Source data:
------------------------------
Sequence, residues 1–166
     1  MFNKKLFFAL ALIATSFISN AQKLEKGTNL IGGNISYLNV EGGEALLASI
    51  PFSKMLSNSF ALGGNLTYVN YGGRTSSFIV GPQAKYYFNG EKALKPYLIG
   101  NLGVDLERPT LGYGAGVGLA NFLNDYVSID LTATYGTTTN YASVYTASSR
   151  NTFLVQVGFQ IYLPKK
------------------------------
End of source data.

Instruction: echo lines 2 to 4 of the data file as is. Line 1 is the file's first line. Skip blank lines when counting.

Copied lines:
     1  MFNKKLFFAL ALIATSFISN AQKLEKGTNL IGGNISYLNV EGGEALLASI
    51  PFSKMLSNSF ALGGNLTYVN YGGRTSSFIV GPQAKYYFNG EKALKPYLIG
   101  NLGVDLERPT LGYGAGVGLA NFLNDYVSID LTATYGTTTN YASVYTASSR